Understanding exercise self-efficacy and barriers to leisure-time physical activity among postnatal women

Matern Child Health J. 2011 Jul;15(5):642-51. doi: 10.1007/s10995-010-0617-4.


Studies have demonstrated that postnatal women are at high risk for physical inactivity and generally show lower levels of leisure-time physical activity (LTPA) compared to prepregnancy. The overall purpose of the current study was to investigate social cognitive correlates of LTPA among postnatal women during a 6-month period following childbirth. A total of 230 women (mean age = 30.9) provided descriptive data regarding barriers to LTPA and completed measures of LTPA and self-efficacy (exercise and barrier) for at least one of the study data collection periods. A total of 1,520 barriers were content analyzed. Both exercise and barrier self-efficacy were positively associated with subsequent LTPA. Exercise self-efficacy at postnatal week 12 predicted LTPA from postnatal weeks 12 to 18 (β = .40, R (2) = .18) and exercise self-efficacy at postnatal week 24 predicted LTPA during weeks 24-30 (β = .49, R (2) = .30). Barrier self-efficacy at week 18 predicted LTPA from weeks 18 to 24 (β = .33, R (2) = .13). The results of the study identify a number of barriers to LTPA at multiple time points closely following childbirth which may hinder initiation, resumption or maintenance of LTPA. The results also suggest that higher levels of exercise and barrier self-efficacy are prospectively associated with higher levels of LTPA in the early postnatal period. Future interventions should be designed to investigate causal effects of developing participants' exercise and barrier self-efficacy for promoting and maintaining LTPA during the postnatal period.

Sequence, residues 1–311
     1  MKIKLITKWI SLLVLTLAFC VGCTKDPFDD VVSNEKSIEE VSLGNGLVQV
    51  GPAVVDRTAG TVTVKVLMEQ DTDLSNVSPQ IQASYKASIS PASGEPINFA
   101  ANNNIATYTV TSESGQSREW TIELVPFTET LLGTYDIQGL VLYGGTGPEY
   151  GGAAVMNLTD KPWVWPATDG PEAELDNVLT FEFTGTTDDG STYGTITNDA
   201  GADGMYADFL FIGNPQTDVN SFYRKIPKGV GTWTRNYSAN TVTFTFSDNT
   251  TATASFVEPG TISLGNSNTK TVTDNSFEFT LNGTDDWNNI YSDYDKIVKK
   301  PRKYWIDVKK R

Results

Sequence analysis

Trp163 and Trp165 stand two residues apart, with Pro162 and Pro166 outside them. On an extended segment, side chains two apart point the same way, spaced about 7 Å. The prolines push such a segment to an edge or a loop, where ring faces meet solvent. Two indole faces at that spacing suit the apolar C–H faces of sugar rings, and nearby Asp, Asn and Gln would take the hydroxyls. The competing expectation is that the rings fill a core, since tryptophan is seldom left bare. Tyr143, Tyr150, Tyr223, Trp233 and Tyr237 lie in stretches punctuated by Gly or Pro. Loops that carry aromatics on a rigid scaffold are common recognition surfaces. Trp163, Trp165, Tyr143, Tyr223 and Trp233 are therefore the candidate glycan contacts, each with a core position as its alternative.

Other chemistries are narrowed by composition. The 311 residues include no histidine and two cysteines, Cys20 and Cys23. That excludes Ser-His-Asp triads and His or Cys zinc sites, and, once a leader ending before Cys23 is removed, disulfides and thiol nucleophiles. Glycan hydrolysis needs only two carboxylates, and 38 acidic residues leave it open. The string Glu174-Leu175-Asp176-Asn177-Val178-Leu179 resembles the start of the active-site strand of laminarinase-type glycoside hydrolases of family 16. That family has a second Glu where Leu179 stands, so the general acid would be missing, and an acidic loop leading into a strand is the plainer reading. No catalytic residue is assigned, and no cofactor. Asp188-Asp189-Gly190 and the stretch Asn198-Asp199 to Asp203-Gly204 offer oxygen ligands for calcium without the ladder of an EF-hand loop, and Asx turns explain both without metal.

MeSH terms

  • Adaptation, Psychological
  • Adult
  • Analysis of Variance
  • Exercise / psychology*
  • Female
  • Health Behavior
  • Health Knowledge, Attitudes, Practice
  • Health Promotion / methods*
  • Humans
  • Leisure Activities / psychology*
  • Postpartum Period / psychology*
  • Pregnancy / psychology
  • Prospective Studies
  • Self Efficacy*
  • Statistics as Topic
  • Surveys and Questionnaires
  • Time Factors
  • Women's Health